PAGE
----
When I found out I was pg with my first dd, i packed up all my 'nice' stuff and put it into storage. yes, it is still there lol! i completely babyproofed my house. i mean literally! No couches, beds on the floor, no shelves, etc. I think I went a bit overboard lol! With my second dd, i am definitely more relaxed. my oldest is almost 7 yrs old and I have found that when it comes to material objects, it is more important to teach your child how to respect other's property than it is to teach them not to touch something. Respect is a much more powerful tool than just keeping your hands to yourself, kwim?
i have met many children who live in homes with glass, crystal, ceramic knick knacks all over and they never break them, but put them in another persons home and they wreak havoc! Almost everything in my home that has been destroyed was accomplished by a child not my own.

i also tell my children that they are more important than any material object in the world. If something gets broken i just enlist their help in cleaning it up if it's not dangerous to do so. i never punish or discipline them when something gets broken. Instead we all sit down and say a prayer of thanks that we have each other. My 6 yr old dd is so respectful and is actually able to admire things. Not just that curious 'what is that' but the awe and just acceptance of beauty various objects contain.

momof1baby 04-17-2003 10:16 PM

Thanks for the input, I will keep all this in mind.

What do you all think about biting. Katie has always been a very, very mouthy baby. Everything, and I do mean EVERYTHING goes in her mouth and she does bite a lot (though not usually us), so is it unreasonable for me to tell her no when she attempts to bite something that could be potentially dangerous... i.e. I am trying to vacuum and she crawls over to the cord and tries to bite it. I'm always right there before she has a chance to even get it in her mouth.

Do I let her bite things that won't hurt her (toys, stuffed anumals, etc...) in hopes that she won't have a chance to bite on something that could hurt her. Right now I don't really place limits on the biting thing, unless it is one of us or someone else that she is biting, then she gets a stern "NO BITE".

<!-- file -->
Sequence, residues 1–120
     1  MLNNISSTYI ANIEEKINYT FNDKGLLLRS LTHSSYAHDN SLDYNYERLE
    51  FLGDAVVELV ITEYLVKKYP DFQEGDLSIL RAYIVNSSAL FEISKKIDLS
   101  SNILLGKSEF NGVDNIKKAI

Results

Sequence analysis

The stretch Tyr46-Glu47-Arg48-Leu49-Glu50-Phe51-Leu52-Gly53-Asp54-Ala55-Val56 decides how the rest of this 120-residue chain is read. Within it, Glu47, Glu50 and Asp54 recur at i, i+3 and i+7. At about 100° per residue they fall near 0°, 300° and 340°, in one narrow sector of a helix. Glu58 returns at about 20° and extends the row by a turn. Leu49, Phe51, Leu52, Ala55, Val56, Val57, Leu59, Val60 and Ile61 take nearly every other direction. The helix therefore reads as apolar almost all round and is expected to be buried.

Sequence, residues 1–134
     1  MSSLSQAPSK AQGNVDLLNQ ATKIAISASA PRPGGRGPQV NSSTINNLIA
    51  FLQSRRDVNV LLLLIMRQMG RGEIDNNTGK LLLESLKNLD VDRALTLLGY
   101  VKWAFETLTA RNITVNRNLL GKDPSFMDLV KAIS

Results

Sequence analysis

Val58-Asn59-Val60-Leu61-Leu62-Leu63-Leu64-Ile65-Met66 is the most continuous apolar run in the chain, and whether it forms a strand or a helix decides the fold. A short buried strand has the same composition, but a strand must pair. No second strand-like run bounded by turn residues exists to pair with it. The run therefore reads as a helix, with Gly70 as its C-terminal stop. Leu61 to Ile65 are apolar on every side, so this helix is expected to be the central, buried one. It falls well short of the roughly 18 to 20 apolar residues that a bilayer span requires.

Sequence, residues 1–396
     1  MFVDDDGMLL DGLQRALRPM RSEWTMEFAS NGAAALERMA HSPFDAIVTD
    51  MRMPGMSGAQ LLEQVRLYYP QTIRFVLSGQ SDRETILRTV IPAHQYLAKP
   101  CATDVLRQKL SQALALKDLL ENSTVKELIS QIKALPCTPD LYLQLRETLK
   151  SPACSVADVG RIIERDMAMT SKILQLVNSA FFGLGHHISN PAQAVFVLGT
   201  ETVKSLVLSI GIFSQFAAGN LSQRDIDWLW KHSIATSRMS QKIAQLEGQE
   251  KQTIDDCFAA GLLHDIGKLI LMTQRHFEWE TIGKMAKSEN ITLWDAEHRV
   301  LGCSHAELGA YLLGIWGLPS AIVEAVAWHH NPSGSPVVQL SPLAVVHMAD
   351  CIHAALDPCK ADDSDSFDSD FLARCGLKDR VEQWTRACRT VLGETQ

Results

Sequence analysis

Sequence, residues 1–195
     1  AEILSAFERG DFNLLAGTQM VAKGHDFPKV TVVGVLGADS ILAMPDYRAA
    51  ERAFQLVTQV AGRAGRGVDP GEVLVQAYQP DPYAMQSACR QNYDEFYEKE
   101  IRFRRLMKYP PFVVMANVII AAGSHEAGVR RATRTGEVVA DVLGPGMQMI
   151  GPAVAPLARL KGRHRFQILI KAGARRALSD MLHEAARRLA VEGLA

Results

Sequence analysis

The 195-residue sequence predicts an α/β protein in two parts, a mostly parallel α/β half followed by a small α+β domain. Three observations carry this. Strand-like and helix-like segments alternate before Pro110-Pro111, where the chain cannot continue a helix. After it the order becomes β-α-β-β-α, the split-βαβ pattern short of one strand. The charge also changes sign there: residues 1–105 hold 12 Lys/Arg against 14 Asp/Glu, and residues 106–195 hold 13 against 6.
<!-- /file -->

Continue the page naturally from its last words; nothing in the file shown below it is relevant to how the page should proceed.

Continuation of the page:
beanma 04-18-2003 06:43 PM

my dd used to put everything in her mouth and try to chew on the vacuum cleaner cord, too. i just tried to redirect -- "that's not a good thing to chew on. you might get hurt. here's a rattle, bear, other fun thing you can chew on." it wasn't always successful and we didn't always get the floors vacuumed, but she did seem to get the idea without me having to be too harsh to her. it helped if dh was around to distract, too. she did grow out of it. 'course she hates the vacuum now, but that's another story...


momof1baby 04-19-2003 03:04 PM

Thanks, I think I have decided that redirecting and explaining is the best way to go.

kimbalicious 04-19-2003 03:25 PM

I think redirect is the way to go. My ds used to laugh his head off when I would say "No" when he was at the same age. I started using "No" only for dangerous things and would say instead "that's not for Taran (his name)". It took a bit of patience, but he started leaving things alone and stopped laughing and he's only 16.5 months now. It's weird how long/short time that is Now, we are still working on gentle touch .... I think it's all about setting up the relationship for the future, at this age they still don't understand that they can hurt other things (people, animals, etc) or that they can be hurt. They just want to DO!